Another way that I prepare is by trying to get to know as much as I can about my audience, well in advance of the retreat. It helps to know what is going on in the lives of individual attendees – and the communities that they are a part of – so that I can speak to them in a way that relates to their personal experiences and helps them with their current problems. As Pope Paul VI said in Evangelization in the Modern World:
Evangelization loses much of its force and effectiveness if it does not take into consideration the actual people to whom it is addresses, if it does not use their language, their signs and symbols, if it does not answer the questions they ask, and if it does not have an impact on their concrete life.
Finally, an essential part of being prepared is having notes, which are a gift from God. I’m a big fan of first writing out my entire talk, printing it out, and underlining key phrases and points. Some of my friends prefer index cards that help them stay focused on their main points. Some people prefer bullet points or outlines.
Even if it’s a talk I’ve given many times, I like to keep my notes close; they have been a godsend on many occasions, especially when I’ve been distracted by something unanticipated – either in the room or in my mind. Leaning on notes is a way of leaning on the Holy Spirit, who wants to guide us throughout the entire preparation process.
They say that practice makes perfect, and they are wrong. None of us will be perfect, and none of us will ever give a perfect talk. But practice contributes to excellence, and I want to be the best that I can be when I speak about the Lord and represent His Church.
Part of how I practice is by reading my talk over and over again, many times, before I say it out loud. As I read through my notes, I am always updating them to ensure that I am conveying a message clearly and succinctly.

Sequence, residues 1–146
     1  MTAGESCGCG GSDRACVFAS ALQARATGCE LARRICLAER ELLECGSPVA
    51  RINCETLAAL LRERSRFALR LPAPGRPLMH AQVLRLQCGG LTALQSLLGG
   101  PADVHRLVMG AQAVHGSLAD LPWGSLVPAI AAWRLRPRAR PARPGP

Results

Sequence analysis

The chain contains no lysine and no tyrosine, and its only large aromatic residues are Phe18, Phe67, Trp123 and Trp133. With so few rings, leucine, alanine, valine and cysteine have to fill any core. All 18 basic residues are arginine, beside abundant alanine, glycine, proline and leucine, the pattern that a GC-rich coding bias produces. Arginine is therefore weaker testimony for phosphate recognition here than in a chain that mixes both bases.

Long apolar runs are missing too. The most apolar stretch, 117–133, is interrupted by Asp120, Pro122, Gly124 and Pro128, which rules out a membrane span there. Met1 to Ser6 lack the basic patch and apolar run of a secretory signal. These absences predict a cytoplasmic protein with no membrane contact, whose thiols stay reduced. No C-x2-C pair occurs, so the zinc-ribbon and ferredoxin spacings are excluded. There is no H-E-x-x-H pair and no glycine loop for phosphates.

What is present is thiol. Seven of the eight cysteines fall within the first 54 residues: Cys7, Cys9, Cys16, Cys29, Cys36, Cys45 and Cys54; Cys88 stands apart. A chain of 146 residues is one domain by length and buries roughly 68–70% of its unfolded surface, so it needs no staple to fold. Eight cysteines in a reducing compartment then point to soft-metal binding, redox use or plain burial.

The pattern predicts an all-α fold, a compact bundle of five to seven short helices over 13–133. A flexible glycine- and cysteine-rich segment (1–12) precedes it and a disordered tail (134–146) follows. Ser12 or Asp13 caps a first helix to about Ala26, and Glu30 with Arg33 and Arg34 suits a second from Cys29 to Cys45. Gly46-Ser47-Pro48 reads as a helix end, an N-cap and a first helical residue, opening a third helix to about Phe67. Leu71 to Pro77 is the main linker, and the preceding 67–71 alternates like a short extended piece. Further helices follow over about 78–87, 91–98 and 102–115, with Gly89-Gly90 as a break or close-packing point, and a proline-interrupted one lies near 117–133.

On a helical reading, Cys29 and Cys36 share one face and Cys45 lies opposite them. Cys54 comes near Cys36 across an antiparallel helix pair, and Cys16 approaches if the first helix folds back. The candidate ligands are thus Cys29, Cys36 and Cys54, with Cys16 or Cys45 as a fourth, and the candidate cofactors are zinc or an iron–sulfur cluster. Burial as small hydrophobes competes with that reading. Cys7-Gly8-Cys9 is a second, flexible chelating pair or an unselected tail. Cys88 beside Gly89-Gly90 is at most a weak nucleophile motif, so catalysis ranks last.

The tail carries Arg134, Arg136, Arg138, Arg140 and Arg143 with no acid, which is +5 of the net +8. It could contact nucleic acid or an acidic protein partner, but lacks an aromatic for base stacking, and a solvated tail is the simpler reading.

I also like to have trusted friends (who can be brutally honest with me) proofread what I’ve written, and they often pick up on mistakes that I missed – or encourage me to add or delete some things. It’s humbling to receive help, but I’ve always known the Lord to bless humility. And, trust me when I say it’s always easier to receive constructive criticism before giving a talk than afterwards.
Another part of practice is giving my talk out loud – either to myself, or to others, or both. I’ve discovered that what looks good on paper may not sound great out loud. Spoken word is often more casual in tone than the written word. Giving a talk out loud helps me to know how I will actually sound to the audience. Practicing a talk out loud also helps me to know how long it will actually last! Staying within my time limits is a way for me to honor the Lord, the integrity of the retreat, and my teammates. It is never good (and I know this from personal experience) for me to talk so long that one of my teammates doesn’t have time speak; this robs the attendees of my teammate’s unique perspective, which may be the most important talk of the retreat for at least one person there, right? Talking too long is also tragic if means we have to cut out a fun activity, or shorten a snack break, because it’s really fun to have fun and we need to have some fun.
Finally, practicing can help me to become aware of any shortcomings in my public speaking style that need tweaking, including saying “like” or “um” too frequently. Bottom line, practice helps me in my pursuit of excellence.
Pray Some More
We can never pray too much. After praying, preparing, and practicing, I like to ask the Lord to bless what I’ve prepared and also give me freedom in His Spirit to add or subtract anything that needs to be changed on the fly – since He alone knows the hearts of everyone who will be on the retreat.
I am convinced that we are most open to the Holy Spirit, and will be most powerfully used by God, when we pray, prepare, practice, and pray some more!
Lord, help all of us as we get ready to give the most important talk of the retreat.
Finally, Consider This
Several years ago, Jesus made it clear to me that whenever I am blessed with the opportunity to speak, I need to consider how the most broken person in the crowd will receive my message. If the most broken person there does not feel loved and encouraged by what I have to say – and how I say it – then it would be better for me to keep my mouth shut.